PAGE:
A fragile democratic transition faces the dual challenges of political instability and poorly designed counter-terrorism strategies that sacrifice long-term peace for perceived short-term security goals, fuelling militancy in various parts of the country. Across the border, rival India accuses Pakistan of harbouring terrorists and even sponsoring deadly attacks on Indian soil. There is no resolution in sight to the two countries’ dispute over Kashmir, which continues to claim soldiers’ and civilians’ lives along the Line of Control. Crisis Group monitors Pakistan’s domestic politics and security, with the aim of informing Pakistani leaders and international stakeholders about effective strategies for countering instability within the country and preventing its spillover abroad.
Two large attacks on police installations have rocked Pakistan, compelling the authorities to rethink their approach to countering militancy. Their dilemma is that the insurgents’ main supporters – the new authorities in Afghanistan – are also their long-time allies.
Crackdown on former PM Imran Khan’s party deepened Khan’s isolation, insecurity persisted in provinces bordering Afghanistan and govt secured international funding amid debt default fears.
Military-led crackdown intensified on Khan’s Pakistan Tehreek-e-Insaf (PTI). After large numbers of senior PTI leaders exited party following 9 May street unrest and authorities continued to detain many others, several journalists deemed sympathetic to PTI were disappeared during month, while others were detained and charged with crimes such as sedition and mutiny against state. Military 7 June called for “noose of law” to be tightened for masterminds of “politically driven rebellion”, and reiterated intention to try civilians in military courts. Supreme Court 22 June began hearing several petitions challenging military trials of civilians. Military spokesman 26 June announced dismissal of at least three senior officers, including lieutenant general, and disciplinary action against 15 other officers, including three major generals, for failure to protect military installations on 9 May. Khan’s isolation deepened as he faced charges that could result in disqualification from public office and his former close confidant 8 June launched Istekham-i-Pakistan Party with backing of almost 100 former PTI leaders, in likely bid to damage PTI’s electoral chances ahead of polls.
Security operations and militant attacks continued in Khyber Pakhtunkhwa and Balochistan provinces. Pakistani Taliban 8 June claimed killing of two police constables in Swat district’s Mingora city. Militants same day killed police constable in Lakki Marwat district. Gun battle in North Waziristan district 9-10 June killed three soldiers. Security forces 28 June killed three Islamic State militants in Bajur district. In Balochistan province, militant attack along border with Iran 1 June killed two soldiers; Baluch Liberation Army suicide bomber 24 June killed police officer in Turbat city.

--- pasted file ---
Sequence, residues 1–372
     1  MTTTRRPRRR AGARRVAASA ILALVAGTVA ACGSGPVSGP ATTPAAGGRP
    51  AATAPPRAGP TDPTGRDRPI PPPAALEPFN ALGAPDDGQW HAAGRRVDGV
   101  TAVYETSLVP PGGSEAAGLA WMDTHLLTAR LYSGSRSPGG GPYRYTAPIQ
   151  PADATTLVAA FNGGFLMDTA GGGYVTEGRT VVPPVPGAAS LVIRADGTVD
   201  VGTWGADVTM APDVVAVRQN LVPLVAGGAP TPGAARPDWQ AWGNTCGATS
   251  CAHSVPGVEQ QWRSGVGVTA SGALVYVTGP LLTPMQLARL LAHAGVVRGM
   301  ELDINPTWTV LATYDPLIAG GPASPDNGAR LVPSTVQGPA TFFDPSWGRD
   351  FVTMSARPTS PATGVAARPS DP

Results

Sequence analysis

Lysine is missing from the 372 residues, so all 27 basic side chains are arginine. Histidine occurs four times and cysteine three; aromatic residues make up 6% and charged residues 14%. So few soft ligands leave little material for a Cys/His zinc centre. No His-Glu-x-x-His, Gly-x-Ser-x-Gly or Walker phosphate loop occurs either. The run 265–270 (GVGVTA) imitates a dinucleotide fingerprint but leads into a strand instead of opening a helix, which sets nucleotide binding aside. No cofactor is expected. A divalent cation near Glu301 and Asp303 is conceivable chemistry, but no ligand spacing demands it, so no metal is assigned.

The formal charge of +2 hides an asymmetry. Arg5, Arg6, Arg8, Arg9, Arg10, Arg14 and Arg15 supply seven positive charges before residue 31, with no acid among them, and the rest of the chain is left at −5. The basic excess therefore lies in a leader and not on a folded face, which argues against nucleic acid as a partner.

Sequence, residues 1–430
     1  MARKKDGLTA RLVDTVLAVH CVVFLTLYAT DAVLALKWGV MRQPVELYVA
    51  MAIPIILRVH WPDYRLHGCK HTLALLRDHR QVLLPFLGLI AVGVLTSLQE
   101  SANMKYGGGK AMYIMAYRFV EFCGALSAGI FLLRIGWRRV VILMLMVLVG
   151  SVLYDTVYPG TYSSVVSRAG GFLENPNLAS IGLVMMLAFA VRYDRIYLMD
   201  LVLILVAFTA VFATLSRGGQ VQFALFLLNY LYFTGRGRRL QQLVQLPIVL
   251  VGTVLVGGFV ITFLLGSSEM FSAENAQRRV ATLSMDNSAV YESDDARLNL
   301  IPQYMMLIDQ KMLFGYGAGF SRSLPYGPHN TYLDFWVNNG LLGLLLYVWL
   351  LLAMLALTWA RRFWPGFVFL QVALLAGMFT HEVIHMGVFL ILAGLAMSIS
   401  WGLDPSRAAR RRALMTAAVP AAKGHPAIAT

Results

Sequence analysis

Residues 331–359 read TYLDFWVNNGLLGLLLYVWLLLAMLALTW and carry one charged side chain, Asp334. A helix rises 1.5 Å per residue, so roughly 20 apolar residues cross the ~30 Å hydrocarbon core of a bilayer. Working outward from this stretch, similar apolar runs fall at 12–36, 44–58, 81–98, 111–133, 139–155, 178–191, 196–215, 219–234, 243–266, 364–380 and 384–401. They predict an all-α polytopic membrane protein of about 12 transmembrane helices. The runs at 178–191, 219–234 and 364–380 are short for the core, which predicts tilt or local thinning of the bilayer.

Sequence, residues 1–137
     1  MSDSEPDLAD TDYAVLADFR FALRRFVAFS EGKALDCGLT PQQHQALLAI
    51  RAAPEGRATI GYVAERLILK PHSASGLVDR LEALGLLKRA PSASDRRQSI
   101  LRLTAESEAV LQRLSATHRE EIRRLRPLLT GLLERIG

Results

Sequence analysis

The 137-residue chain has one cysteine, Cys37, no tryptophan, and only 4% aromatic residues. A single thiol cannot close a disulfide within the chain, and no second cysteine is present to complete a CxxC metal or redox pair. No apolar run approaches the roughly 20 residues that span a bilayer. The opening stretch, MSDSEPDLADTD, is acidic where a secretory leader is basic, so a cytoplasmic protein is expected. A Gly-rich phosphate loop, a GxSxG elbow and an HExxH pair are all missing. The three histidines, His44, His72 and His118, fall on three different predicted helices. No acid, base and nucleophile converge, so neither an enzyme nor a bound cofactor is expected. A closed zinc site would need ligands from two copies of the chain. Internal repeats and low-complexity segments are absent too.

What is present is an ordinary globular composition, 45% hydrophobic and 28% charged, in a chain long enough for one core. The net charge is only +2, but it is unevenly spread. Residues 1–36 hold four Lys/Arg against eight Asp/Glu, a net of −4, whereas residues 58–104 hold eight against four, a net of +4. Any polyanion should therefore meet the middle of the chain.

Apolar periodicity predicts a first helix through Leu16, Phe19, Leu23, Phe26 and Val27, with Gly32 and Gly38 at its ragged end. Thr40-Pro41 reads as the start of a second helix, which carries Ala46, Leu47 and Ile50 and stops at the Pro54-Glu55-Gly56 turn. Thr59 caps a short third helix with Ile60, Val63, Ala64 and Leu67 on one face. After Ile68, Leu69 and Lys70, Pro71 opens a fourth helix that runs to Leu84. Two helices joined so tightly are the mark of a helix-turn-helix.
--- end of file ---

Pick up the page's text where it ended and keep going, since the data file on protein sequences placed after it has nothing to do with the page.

Govt secured International Monetary Fund (IMF) deal. PM Shehbaz Sharif 9 June presented 2023-24 budget to parliament providing tax exemptions for several sectors, including IT and agriculture. Moody’s Investor Services 14 June warned that Pakistan could fail to revive IMF program by looming expiration on 30 June, heightening risks of sovereign default. In effort to secure “standby arrangement” with IMF, govt removed subsidies and tax exemptions and reduced expenditures with revised budget passed by parliament on 25 June. IMF 30 June announced staff-level agreement with govt for $3bn fund.
As Pakistan faces interlocking crises that threaten the outbreak of violence, political stability is of the utmost importance. In this excerpt from the Watch List 2023 – Spring Update, Crisis Group explains what the EU can do to help.
The Pakistani military is getting new leadership amid political turmoil centred around former Prime Minister Imran Khan, who refuses to accept the current government as legitimate. The generals promise not to get involved, but if the dispute turns violent, they may feel compelled to intervene.
A would-be assassin wounded former Pakistani Prime Minister Imran Khan as he led his followers in a protest march calling for snap elections. In this Q&A, Crisis Group expert Samina Ahmed explains the causes and possible consequences of the country’s latest political tumult.
A local jihadist group and a violent protest movement are driving renewed sectarian strife in Pakistan. To prevent a slide back into violence, Islamabad should ensure those inciting or perpetrating violent acts are prosecuted while denying hardliners the civic space to propagate their hatred.
Kicked out of office, former Prime Minister Imran Khan keeps denying his successor’s legitimacy. In this excerpt from the Watch List 2022 – Spring Update, Crisis Group urges the EU and its member states to help Pakistan's new government ward off violence, expand the social safety net and promote electoral reforms.
This week on Hold Your Fire! Richard Atwood and Crisis Group trustee and leading South Asia expert Ahmed Rashid talk about Prime Minister Imran Khan’s ouster, and the domestic and foreign policy challenges facing his successor, Shahbaz Sharif.
Imran Khan has become the first Pakistani prime minister to lose office through a parliamentary no-confidence vote. In this Q&A, Crisis Group expert Samina Ahmed explains that his ouster occurred by constitutional means, but his challenge to the new government’s legitimacy could lead to violence.
The renewed militancy prompted by the Taliban takeover of Afghanistan threatens hard-won gains for the women of northwest Pakistan.
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